Whereas all those Catholic dissidents--the gays, women working for equal rights in the church, theologians who refuse to shut up when ordered to do so: they have placed themselves outside the tribe and its normative conversation. This way of thinking, this tribalistic dynamic, is deeply entrenched in the powerful media and academic circles that determine what's considered normative in the public conversation of Catholicism.
As an example of what I'm talking about, read Ed West's article carefully. Read it side-by-side with Fred Clark's posting. West reports on a conversation he had in the recent past with Ben Summerskill of the gay-rights lobbying group Stonewall. West sets his report up by noting (though he seems unaware that he's signaling this) the lens of otherness through which "Catholics" (the article does not acknowledge the significant dissent from magisterial teaching about homosexuality among Catholics in the UK) view "the gays." A lens Catholics defending magisterial teaching about sexuality apply to no other groups transgressing Catholic moral codes . . . .
They, the gays, "have the ear of all the major parties," West says. They're a "firm fixture of the liberal metropolitan establishment." The media fawn over them. They have money, and they have clout, and they're leaning on governments in various places to ram their gay agenda down the throats of tradition-minded Christians.
Gays ≠ Catholics. Catholics ≠ gays. (And dissident Catholics ≠ Catholics even when they're the large majority of Catholics.) Gays are the other, to be viewed by Catholics through a lens of otherness applied to no other group of human beings in the world.
And then West goes to Summerskill's office, and finds that it's . . . well, ordinary. Just about as modest, as dilapidated, as the offices of the Catholic Herald. It's nothing like the meme of gay otherness West's Catholicism requires him to apply to the gays has led him to imagine.
Even so, even though his encounter with the reality of Summerskill's office should have given him pause to reconsider his biases, West admits frankly that he framed his entire conversation with Summerskill by asking him just why he (and, by implication, the gays in general) are critics of the church. Gays ≠ Catholics. Catholics ≠ gays. Why, Mr. Summerskill, do you perceive the church as an enemy when "[t]o the best of my knowledge, most Catholic institutions are fairly welcoming of gay people and certainly don’t offer a hostile environment"?
In response, Summerskill seeks to point out, over and over, the irrational exceptionalism with which the Catholic church, at an official level, approaches the gay community (gays ≠ Catholics, Catholics ≠ gays). He does so repeatedly. But Ed West appears unable to hear him, since gays are, after all--and we all know this!--the antithesis of what it means to be Catholic . . . .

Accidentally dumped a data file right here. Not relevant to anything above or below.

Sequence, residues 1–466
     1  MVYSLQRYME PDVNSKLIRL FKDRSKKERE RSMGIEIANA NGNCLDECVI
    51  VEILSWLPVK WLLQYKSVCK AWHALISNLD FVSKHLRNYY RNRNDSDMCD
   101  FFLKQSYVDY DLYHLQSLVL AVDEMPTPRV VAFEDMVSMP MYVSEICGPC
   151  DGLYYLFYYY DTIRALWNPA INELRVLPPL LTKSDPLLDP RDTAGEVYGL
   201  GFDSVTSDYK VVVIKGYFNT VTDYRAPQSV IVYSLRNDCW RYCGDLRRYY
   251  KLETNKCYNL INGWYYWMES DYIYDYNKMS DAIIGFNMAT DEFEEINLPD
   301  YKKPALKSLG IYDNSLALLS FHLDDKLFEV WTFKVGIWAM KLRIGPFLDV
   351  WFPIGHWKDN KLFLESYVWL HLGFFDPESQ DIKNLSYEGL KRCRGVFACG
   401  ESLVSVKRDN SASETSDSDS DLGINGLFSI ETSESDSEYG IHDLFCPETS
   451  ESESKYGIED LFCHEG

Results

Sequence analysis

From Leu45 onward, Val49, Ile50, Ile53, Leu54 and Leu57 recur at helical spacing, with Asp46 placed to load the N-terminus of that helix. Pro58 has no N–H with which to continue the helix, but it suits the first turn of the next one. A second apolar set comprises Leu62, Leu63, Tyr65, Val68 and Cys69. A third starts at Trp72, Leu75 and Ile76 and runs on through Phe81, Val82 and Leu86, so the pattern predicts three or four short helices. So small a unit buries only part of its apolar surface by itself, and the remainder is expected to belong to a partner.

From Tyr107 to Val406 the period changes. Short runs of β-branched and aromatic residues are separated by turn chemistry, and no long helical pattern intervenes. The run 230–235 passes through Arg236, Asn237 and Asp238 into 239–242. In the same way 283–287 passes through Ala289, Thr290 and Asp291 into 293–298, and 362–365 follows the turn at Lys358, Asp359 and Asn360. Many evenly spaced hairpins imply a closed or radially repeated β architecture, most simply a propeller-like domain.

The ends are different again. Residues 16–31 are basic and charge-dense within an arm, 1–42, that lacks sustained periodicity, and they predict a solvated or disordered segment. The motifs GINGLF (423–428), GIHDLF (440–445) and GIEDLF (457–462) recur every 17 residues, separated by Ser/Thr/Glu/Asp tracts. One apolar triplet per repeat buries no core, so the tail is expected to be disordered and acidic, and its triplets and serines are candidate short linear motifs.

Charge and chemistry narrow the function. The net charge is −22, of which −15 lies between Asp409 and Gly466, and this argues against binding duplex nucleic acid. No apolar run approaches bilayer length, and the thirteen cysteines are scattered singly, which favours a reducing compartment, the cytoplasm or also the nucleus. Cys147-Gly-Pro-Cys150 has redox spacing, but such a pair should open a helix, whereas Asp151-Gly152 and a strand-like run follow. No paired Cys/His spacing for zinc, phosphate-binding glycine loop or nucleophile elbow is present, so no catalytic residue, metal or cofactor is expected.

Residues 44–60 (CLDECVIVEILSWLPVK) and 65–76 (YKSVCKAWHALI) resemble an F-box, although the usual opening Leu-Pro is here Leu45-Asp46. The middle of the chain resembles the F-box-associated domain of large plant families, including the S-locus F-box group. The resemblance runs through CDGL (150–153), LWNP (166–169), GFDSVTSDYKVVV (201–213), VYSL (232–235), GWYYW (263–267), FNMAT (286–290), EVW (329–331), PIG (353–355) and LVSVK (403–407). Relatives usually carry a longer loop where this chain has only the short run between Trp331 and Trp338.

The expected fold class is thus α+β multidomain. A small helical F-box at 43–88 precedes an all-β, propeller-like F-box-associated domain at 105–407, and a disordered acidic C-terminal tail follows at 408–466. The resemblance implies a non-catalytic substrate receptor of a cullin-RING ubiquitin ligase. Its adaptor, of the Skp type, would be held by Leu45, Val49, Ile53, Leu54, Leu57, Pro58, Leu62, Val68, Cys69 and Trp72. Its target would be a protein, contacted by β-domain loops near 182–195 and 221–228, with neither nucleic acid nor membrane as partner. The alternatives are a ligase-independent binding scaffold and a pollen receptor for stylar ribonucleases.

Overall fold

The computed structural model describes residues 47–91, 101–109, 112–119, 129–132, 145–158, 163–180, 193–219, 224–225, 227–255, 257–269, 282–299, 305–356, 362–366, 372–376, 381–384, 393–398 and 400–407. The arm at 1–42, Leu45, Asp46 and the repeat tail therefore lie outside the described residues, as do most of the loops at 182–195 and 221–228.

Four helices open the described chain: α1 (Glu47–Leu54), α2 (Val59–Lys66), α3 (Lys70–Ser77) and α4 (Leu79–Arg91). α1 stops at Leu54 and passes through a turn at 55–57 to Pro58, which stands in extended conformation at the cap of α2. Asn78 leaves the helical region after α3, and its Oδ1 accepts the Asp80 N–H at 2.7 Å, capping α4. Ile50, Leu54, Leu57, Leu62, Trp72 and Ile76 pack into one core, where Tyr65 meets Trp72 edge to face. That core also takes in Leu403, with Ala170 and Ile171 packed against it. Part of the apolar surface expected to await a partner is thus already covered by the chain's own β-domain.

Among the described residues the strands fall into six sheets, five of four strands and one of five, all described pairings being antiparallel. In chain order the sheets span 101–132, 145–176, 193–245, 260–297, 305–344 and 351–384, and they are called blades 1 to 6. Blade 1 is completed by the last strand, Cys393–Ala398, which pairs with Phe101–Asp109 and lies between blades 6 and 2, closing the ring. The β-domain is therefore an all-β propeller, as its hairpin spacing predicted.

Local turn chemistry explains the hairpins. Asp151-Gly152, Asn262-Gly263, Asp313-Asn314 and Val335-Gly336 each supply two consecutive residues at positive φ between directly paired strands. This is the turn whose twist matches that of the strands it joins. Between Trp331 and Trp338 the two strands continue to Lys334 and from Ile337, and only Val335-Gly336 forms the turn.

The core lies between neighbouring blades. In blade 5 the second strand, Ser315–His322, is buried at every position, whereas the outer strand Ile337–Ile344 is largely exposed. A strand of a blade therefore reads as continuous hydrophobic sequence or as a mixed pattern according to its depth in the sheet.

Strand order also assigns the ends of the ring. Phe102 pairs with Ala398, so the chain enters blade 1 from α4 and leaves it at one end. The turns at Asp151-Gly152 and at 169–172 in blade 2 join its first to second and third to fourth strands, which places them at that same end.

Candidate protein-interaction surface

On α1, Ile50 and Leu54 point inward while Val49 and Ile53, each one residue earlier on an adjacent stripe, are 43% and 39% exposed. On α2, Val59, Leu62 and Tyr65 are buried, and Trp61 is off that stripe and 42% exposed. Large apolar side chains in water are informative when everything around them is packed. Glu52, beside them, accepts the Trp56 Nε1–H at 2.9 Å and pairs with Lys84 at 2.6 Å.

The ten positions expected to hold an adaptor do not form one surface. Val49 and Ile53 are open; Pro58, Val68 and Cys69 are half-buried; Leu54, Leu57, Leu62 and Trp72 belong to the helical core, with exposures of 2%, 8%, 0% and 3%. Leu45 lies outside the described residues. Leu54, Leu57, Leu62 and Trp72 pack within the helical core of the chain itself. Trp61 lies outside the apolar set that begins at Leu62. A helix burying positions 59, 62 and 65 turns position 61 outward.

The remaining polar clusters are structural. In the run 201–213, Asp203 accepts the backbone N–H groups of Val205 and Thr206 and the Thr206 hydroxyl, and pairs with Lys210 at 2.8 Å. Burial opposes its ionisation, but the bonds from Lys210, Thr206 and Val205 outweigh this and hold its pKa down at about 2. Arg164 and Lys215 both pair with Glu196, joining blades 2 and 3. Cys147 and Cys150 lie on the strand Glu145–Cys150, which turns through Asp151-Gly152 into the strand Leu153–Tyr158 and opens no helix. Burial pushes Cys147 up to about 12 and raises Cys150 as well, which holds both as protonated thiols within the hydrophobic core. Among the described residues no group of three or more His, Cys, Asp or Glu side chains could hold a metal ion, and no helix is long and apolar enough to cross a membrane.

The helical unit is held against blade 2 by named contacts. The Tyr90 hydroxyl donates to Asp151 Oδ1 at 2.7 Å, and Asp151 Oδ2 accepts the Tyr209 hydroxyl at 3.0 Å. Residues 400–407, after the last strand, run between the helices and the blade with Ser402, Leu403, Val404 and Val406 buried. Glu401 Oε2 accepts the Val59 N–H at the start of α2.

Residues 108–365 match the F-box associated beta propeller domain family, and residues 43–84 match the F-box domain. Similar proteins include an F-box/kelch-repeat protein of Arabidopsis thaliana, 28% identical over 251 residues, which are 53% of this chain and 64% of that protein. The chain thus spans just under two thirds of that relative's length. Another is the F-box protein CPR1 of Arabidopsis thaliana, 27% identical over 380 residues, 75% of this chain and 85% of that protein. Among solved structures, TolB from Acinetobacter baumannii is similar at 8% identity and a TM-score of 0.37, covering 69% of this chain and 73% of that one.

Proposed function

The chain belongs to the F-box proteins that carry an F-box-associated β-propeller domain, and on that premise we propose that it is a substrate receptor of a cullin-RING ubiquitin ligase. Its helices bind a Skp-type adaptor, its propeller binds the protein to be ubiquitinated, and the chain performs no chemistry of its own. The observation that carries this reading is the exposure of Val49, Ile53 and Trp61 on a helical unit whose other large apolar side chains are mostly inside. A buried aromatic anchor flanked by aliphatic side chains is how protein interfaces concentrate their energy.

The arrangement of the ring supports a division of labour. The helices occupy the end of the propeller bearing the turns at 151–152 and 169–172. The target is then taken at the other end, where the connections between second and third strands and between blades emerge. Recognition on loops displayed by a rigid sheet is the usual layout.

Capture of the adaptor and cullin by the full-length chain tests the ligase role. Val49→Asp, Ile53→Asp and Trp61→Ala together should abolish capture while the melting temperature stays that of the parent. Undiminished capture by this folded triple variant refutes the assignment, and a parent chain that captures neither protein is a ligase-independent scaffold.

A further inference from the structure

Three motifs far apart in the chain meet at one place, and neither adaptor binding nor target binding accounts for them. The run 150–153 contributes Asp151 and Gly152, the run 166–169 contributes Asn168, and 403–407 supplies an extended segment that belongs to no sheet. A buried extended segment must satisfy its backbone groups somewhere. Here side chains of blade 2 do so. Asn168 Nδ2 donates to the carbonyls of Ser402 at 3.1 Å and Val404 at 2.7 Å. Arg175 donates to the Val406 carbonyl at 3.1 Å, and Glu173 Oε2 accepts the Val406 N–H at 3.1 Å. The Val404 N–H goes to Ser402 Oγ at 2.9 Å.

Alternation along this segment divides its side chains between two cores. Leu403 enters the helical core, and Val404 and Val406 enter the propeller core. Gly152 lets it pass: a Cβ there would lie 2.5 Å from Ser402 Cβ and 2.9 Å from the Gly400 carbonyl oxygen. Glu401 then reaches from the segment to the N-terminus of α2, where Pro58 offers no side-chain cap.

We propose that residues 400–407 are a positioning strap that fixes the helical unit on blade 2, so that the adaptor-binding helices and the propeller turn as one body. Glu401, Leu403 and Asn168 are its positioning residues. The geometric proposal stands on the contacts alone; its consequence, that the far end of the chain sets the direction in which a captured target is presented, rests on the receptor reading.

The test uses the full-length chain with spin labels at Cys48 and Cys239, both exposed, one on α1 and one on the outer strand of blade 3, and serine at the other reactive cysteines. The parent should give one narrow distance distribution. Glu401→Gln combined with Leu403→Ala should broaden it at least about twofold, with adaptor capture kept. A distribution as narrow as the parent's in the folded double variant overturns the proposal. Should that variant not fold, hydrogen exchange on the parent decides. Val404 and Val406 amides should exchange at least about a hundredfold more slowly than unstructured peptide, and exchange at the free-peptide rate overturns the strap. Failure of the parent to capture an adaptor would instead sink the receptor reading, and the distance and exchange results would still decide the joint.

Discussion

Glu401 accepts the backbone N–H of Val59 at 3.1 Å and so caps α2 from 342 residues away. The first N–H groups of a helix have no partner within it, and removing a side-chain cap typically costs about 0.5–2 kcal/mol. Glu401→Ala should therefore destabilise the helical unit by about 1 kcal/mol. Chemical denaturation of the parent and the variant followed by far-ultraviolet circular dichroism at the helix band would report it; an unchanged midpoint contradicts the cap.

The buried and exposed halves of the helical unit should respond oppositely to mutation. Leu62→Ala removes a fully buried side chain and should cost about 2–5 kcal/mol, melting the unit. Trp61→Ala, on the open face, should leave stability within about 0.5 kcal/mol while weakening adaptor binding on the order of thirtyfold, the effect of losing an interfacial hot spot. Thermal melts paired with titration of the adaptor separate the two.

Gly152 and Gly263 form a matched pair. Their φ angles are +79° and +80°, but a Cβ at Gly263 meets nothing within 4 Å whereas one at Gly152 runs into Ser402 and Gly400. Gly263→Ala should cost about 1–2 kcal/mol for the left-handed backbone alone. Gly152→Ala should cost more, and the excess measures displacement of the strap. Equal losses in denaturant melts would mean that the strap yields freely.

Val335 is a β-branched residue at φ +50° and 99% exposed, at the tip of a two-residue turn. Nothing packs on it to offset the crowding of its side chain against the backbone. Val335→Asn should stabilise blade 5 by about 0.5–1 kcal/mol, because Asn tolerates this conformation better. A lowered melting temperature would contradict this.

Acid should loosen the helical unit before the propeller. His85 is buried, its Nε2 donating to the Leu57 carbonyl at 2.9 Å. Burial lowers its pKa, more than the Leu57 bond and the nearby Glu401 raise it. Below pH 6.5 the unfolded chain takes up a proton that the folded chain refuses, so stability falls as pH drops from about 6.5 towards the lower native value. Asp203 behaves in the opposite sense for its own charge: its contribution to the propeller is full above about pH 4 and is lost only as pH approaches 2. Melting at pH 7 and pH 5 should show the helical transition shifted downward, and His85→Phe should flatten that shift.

Summerskill notes, for instance, that while the number of children growing up in single-parent households in Britain is enormous in comparison to the number of gay people seeking the right to marry, Catholic officials have almost nothing to say about the former but can't shut up about the latter. And he adds, "I’m not aware that any senior cleric has said anything about William and Kate, or Charles and Camilla. There is an unhealthy obsession with homosexuality."
He might also have noted how the bishops of the UK turned Catholic parishes into political machines in the period in which marriage equality was being debated in the British government--while they never employ similar tactics to mobilize the Catholic community politically to try to outlaw divorce, or contraception, or heterosexual arrangements outside marriage.
The only deviations from the sexual norm that appear to demand attention from those "fairly welcoming" and non-hostile Catholics who focus obsessively on their gay brothers and sisters are the deviations having something to do with homosexuality. They're the exception to the norm that demands the laserlike focus, the unique microscope, the big guns, and the political mobilization of the Christian tribe.
And then there's this--Ed West states,
One of the things I find troubling about the same-sex marriage debate is the level of vitriol people spout against their opponents. This has created an unpleasant atmosphere.
But guess who West is talking about here? Those creating the "unpleasant atmosphere" in which vitriol is spouted are the gays! Who characterize their opponents as "haters" for opposing gay marriage. And who couldn't possibly be responding to years of vitriolic abuse spewed out by those using religion as a tool of anti-gay condemnation.
This seems to me a conversation doomed to go nowhere, as does the conversation whose contours Fred Clark describes in right-wing tribalistic evangelical circles. Start with the premise that the gays ≠ Christian ≠ human beings, and you simply can't have a meaningful conversation, can you?
Which seems to me to point to the following conclusion: only when some people of faith choose to stop treating gay and lesbian human beings as the demonized other who are a convenient cipher for "not us," can any meaningful conversation emerge between those people of faith and their brothers and sisters who happen to be gay. In the circles inhabited by the top leaders of the Catholic church today and by many of their allies in the evangelical right, I don't see this shift to meaningful conversation that respects the humanity of a community treated for far too long as the demonic other happening anytime soon.